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Association of Snowfall and Myocardial Infarction

The safety and scientific validity of this study is the responsibility of the study sponsor and investigators. Listing a study does not mean it has been evaluated by the U.S. Federal Government. Read our disclaimer for details.
 
ClinicalTrials.gov Identifier: NCT02913820
Recruitment Status : Completed
First Posted : September 26, 2016
Last Update Posted : January 10, 2018
Sponsor:
Information provided by (Responsible Party):
Medical University of Graz

Brief Summary:
Changes in the ambient temperature (esp. warm to cold) as well as exercise are triggers for vasospasms and plaque rupture. Weather data (temperature, precipitation in general as well as snowfall and changes in atmospheric pressure) will be correlated with the incidence of myocardial infarctions.

Condition or disease Intervention/treatment
Acute Myocardial Infarction Other: snowfall > 5cm/day

Detailed Description:

Besides classical cardiovascular risk factors such as smoking, obesity, elevated cholesterol levels and diabetes there are also acute factors potentially triggering acute coronary events. The impact of air temperature (changes) or humidity are of potential relevance. In addition, exercise and the associated increase in oxygen demand of the myocardium and blood pressure is another trigger for plaque rupture and the acute onset of myocardial infarction. Male patients as well as patients with previous coronary heart disease or little regular exercise are at increased risk.

Possible additional mechanisms of exercise induced myocardial infarction are vasospasm and changes in blood clotting.

Changes in the ambient temperature (warm to cold) can also induce vasospasm which might result in reduced perfusion and plaque rupture. It seems that male patients are more involved than female patients.

Taking the exercise and the ambient temperature changes into consideration, heavy snowfall with consecutive snow shoveling is an augmented risk for acute myocardial infarction.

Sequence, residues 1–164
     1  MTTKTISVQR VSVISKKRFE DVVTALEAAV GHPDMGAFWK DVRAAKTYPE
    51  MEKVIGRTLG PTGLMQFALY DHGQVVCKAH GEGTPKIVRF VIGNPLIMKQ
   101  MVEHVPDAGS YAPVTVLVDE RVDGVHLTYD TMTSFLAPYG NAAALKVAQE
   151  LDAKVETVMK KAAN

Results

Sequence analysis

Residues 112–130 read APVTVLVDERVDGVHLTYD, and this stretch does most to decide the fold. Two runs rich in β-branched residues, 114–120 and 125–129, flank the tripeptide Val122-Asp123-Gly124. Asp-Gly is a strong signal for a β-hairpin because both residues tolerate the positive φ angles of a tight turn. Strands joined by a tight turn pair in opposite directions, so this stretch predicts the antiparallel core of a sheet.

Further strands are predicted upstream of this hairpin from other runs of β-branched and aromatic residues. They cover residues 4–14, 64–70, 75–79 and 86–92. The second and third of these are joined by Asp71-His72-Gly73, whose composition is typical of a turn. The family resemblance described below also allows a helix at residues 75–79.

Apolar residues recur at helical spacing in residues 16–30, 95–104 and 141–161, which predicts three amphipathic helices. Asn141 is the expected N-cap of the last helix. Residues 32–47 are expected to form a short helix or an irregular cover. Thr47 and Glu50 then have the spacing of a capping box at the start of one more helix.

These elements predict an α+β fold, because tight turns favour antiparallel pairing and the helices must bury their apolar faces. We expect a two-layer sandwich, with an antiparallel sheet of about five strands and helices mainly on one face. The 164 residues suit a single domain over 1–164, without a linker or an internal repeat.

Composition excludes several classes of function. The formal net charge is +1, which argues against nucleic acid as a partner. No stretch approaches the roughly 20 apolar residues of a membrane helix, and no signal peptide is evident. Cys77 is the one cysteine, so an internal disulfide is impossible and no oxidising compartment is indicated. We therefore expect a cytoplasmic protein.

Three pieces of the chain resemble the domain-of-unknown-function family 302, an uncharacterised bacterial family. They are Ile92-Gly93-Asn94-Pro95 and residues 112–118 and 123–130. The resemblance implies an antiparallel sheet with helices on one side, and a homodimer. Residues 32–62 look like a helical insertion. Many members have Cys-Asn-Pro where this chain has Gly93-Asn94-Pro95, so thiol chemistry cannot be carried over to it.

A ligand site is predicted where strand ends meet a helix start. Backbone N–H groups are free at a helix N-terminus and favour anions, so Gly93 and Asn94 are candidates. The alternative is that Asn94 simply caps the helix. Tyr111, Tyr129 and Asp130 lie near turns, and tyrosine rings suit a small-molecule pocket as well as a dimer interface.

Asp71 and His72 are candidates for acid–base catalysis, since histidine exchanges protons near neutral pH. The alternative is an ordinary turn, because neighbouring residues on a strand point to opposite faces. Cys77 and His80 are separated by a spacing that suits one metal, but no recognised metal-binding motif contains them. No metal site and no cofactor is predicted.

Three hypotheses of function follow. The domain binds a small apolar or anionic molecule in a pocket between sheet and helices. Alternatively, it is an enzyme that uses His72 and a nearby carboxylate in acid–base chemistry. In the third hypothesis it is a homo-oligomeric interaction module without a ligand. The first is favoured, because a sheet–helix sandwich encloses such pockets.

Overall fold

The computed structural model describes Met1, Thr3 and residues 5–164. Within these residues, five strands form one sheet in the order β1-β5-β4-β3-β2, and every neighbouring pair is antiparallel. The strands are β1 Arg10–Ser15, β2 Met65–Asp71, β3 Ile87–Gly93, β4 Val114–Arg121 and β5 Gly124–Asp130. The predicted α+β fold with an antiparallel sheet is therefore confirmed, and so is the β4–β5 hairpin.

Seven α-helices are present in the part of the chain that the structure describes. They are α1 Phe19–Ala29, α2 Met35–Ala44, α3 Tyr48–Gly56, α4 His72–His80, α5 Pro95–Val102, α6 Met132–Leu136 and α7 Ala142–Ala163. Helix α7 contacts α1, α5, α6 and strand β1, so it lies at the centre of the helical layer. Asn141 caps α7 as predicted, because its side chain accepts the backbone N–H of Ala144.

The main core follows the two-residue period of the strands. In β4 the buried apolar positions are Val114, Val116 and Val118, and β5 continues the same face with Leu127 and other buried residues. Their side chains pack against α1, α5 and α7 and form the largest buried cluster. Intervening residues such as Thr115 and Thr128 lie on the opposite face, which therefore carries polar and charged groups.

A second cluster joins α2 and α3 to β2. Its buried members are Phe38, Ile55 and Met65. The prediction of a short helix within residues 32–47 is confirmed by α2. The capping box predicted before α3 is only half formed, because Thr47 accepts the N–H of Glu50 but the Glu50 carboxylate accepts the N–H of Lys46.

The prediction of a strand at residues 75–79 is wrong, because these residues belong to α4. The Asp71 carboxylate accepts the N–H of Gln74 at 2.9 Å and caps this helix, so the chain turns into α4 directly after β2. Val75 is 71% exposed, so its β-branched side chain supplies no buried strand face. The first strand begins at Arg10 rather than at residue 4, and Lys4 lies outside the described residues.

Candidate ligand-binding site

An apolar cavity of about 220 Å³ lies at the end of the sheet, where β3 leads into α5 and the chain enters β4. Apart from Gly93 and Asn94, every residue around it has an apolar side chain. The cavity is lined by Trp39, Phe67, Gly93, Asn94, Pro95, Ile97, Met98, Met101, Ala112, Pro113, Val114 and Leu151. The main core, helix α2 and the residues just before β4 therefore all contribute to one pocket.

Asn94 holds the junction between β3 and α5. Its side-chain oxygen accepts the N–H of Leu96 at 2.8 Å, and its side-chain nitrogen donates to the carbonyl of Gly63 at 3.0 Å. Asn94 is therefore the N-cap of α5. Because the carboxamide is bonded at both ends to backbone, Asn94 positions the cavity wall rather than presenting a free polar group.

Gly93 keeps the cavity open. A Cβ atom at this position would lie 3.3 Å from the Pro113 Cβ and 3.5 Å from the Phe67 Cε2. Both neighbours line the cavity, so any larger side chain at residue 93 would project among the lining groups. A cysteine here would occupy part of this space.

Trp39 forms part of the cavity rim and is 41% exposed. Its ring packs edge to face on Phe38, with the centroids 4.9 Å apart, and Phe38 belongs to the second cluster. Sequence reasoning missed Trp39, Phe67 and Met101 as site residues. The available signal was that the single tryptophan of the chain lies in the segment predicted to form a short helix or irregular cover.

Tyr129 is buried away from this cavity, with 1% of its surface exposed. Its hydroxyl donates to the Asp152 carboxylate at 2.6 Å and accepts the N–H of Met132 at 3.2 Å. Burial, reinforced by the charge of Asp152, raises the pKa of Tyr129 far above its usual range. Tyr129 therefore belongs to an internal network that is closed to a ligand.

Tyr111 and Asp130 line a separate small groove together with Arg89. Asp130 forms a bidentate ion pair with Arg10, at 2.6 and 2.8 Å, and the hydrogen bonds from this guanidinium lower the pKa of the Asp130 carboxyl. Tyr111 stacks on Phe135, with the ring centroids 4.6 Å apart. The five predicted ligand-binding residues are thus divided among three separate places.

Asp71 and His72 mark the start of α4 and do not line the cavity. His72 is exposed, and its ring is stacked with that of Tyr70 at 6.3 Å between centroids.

The rationale of the study is to test if the above mentioned constellation of environmental factors as well as potential increased exercise have a significant and independent impact on the incidence of myocardial infarctions

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Study Type : Observational
Actual Enrollment : 18075 participants
Observational Model: Cohort
Time Perspective: Retrospective
Official Title: Association of Snowfall and Myocardial Infarction
Study Start Date : January 2007
Actual Primary Completion Date : June 30, 2017
Actual Study Completion Date : June 30, 2017

Resource links provided by the National Library of Medicine

MedlinePlus related topics: Heart Attack

Group/Cohort Intervention/treatment
snowfall >5cm/d
impact of snowfall and its correlation with acute myocardial infarctions is analyzed. Other precipitation (rainfall) changes in atmospheric pressure and temperature will be variables to be corrected for.
Other: snowfall > 5cm/day
the number of myocardial infarctions of every day analysed in this study will be correlated with the respective values of snowfall




Primary Outcome Measures :
  1. myocardial infarction [ Time Frame: 1 day ]
    the number of myocardial infarctions of every day analysed in this study will be correlated with the respective values of snowfall



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Ages Eligible for Study:   18 Years to 99 Years   (Adult, Older Adult)
Sexes Eligible for Study:   All
Accepts Healthy Volunteers:   No
Sampling Method:   Non-Probability Sample
Study Population
All patients with myocardial infarction being transfered to a cath lab either at the medical university of Graz or the department of cardiology at the state hospital Graz West
Criteria

Inclusion Criteria:

  • myocardial infarction being confirmed or treated in the cathlab

Exclusion Criteria:

  • none

Information from the National Library of Medicine

To learn more about this study, you or your doctor may contact the study research staff using the contact information provided by the sponsor.

Please refer to this study by its ClinicalTrials.gov identifier (NCT number): NCT02913820


Locations
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Austria
Medical University of Graz
Graz, Austria, 8010
Sponsors and Collaborators
Medical University of Graz
Publications of Results:

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Responsible Party: Medical University of Graz
ClinicalTrials.gov Identifier: NCT02913820    
Other Study ID Numbers: EK28-433ex15/16
First Posted: September 26, 2016    Key Record Dates
Last Update Posted: January 10, 2018
Last Verified: January 2018
Additional relevant MeSH terms:
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Myocardial Infarction
Infarction
Ischemia
Pathologic Processes
Necrosis
Myocardial Ischemia
Heart Diseases
Cardiovascular Diseases
Vascular Diseases